"Whether a given debt is in the nature of support is an issue of federal law." Cummings v. Cummings, 244 F.3d 1263, 1265 (11th Cir.2001). While federal law controls, relevant state law provides guidance on the question. Cummings, 244 F.3d at 1265. "A debt is in the nature of support or alimony if at the time of its creation the parties intended the obligation to function as support or alimony ... [T]he touchstone for dischargeability under sec. 523(a)(5) is the intent of the parties." Id. at 1265–66. "[A]ll evidence, direct or circumstantial, which tends to illuminate the parties' subjective intent is relevant." Id. at 1266 (internal citation omitted).
The Eleventh Circuit recently provided guidance on factors that may be considered in determining the parties' subjective intent, directing the court to consider:
(1) the agreement's language; (2) the parties' financial positions when the agreement was made; (3) the amount of the division; (4) whether the obligation ends upon death or remarriage of the beneficiary; (5) the frequency and number of payments; (6) whether the agreement waives other support rights; (7) whether the obligation can be modified or enforced in state court; and finally (8) how the obligation is treated for tax purposes.
Benson v. Benson (In re Benson), 441 F. App'x 650, 651 (11th Cir.2011) (citing McCollum v. McCollum (In re McCollum), 415 B.R. 625, 631 (Bankr.M.D.Ga.2009)). No single factor is controlling or more important than any other. Pylant v. Plyant (In re Plyant), 467 B.R. 246, 252 (Bankr.M.D.Ga.2012).
Here, the Plaintiff's prior experience in divorce, and the fact that he was represented by counsel throughout negotiation and documentation of the Mediation Agreement, lead the Court to give particular weight to the language in the Mediation Agreement itself. The Eleventh Circuit cautioned that "a court cannot rely solely on the label used by the parties ... it is likely that neither the parties nor the divorce court contemplated the effect of a subsequent bankruptcy when the obligation arose." Cummings, F.3d at 1265 (internal citation omitted). Yet, in this case the Plaintiff and Defendant did in fact contemplate the effect of the Plaintiff's subsequent bankruptcy and the parties agreed that the Lump Sum Alimony would be excepted from discharge in all cases. The intent of the Plaintiff and the Defendant is clear from the plain language of the Mediation Agreement. The Court's detailed findings, above, addressing the factors outlined in Benson, taken as a whole, further support the conclusion that the Plaintiff's obligations to pay Lump Sum Alimony under the Mediation Agreement were intended by the parties to provide support for the Defendant within the meaning of sections 523(a)(5) and 101(14A). The Court concludes that the Defendant's Claim is a domestic support obligation and is excepted from discharge pursuant to section 523(a)(5).
*17 Because the Court has determined that the Plaintiff's obligation to pay the Lump Sum Alimony is in the nature of alimony or support and thus a domestic support obligation excepted from discharge under section 523(a)(5), the alternative argument that the Lump Sum Alimony is excepted from discharge under section 523(a)(15) is moot. Nevertheless, if the Lump Sum Alimony was not excepted from discharge under section 523(a)(5), it would still be excepted from discharge under section 523(a)(15).FN10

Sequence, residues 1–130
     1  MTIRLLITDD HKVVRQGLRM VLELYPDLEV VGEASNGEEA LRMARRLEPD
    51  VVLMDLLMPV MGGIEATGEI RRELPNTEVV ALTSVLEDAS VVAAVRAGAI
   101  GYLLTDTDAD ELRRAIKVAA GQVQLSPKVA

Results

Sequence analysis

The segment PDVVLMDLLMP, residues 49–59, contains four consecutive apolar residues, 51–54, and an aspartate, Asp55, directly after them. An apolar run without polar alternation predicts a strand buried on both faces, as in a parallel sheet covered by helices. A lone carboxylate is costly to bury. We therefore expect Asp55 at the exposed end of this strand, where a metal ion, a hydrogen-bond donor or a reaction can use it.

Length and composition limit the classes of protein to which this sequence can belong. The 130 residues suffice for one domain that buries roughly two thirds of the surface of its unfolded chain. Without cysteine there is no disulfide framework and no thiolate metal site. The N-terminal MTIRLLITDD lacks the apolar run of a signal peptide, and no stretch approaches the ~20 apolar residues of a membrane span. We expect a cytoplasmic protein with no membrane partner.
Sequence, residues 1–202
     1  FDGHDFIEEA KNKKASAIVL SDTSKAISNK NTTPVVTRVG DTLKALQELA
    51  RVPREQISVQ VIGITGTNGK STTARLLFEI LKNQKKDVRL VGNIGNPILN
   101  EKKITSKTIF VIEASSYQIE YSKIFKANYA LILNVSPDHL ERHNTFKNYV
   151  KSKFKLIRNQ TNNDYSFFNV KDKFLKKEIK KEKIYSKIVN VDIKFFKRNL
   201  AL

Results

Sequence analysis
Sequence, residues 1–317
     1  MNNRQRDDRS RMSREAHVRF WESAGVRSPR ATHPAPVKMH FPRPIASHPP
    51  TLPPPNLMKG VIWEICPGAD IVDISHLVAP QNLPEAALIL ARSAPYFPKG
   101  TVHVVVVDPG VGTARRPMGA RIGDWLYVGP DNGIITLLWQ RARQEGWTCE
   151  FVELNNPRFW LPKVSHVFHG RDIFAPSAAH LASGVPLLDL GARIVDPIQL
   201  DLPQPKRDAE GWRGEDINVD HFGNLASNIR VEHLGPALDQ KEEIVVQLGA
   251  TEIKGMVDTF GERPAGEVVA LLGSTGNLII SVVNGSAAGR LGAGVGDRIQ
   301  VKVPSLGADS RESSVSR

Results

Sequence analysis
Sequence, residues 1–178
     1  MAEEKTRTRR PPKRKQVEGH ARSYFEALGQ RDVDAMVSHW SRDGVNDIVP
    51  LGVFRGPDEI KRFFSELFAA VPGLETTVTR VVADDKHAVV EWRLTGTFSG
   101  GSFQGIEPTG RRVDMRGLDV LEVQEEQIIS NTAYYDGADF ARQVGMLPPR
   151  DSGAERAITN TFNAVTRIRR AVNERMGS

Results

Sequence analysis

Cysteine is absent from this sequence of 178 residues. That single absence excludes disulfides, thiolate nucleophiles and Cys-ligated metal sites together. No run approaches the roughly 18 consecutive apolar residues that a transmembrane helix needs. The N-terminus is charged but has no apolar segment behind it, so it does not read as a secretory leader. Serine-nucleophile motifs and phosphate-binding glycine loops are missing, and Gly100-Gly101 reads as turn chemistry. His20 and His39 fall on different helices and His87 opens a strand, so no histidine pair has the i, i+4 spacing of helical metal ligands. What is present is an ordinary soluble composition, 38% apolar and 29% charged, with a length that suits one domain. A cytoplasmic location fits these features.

FN10. The distinction between debts covered by sections 523(a)(5) and 523(a)(15) is important in a chapter 11 case because, while both types of debts are excepted from discharge, domestic support obligations are priority claims under section 507(a)(1) and must be paid in full on the effective date of a chapter 11 plan unless the claimant agrees otherwise. 11 U.S.C. sec. 1129(a)(9)(B).
Section 523(a)(15) excepts from discharge any debt
to a spouse, former spouse, or child of the debtor and not of the kind described in [section 523(a)(5) ] that is incurred by the debtor in the course of a divorce or separation or in connection with a separation agreement, divorce decree or other order of a court of record, or a determination made in accordance with State or territorial law by a governmental unit.
11 U.S.C. sec. 523(a)(15).
The analysis required under section 523(a)(15) is much simpler than that required under section 523(a)(5). "[A] debt will be excepted from discharge under sec. 523(a)(15) when these three elements are met: (1) the debt in question is to a spouse, former spouse or child of the debtor; (2) the debt is not a support obligation of the type described in sec. 523(a)(5); and (3) the obligation was incurred during the course or in connection with a separation agreement, divorce decree or other order of a court of record." Reissig v. Gruber (In re Gruber), 436 B.R. 39, 44 (Bankr.N.D.Ohio 2010). The Plaintiff's obligation to pay Lump Sum Alimony is owed to a former spouse and was incurred under the Mediation Agreement, a separation agreement, and the Florida Judgment, a divorce decree. Thus, if the Lump Sum Alimony was not a domestic support obligation, it would still be excepted from discharge under section 523(a)(15).
For the foregoing reasons, the Plaintiff is not entitled to relief on Count V.
Count VI—Equitable Subordination of Claim and Transfer of Liens
In Count VI of the Complaint, the Plaintiff seeks equitable subordination of the Defendant's Claim to all general unsecured claims in this case and the transfer of the Charging Liens to the estate, pursuant to section 510(c). Alternatively, the Plaintiff seeks an order disallowing the Defendant's Claim in its entirety and avoiding the Charging Liens. The Plaintiff argues that such relief is warranted because of the Defendant's alleged overreaching, fraudulent and otherwise inequitable conduct.
Pursuant to section 510(c), the Court may
(1) under principles of equitable subordination, subordinate for purposes of distribution all or part of an allowed claim to all or part of another allowed claim or all or part of an allowed interest to all or part of another allowed interest; or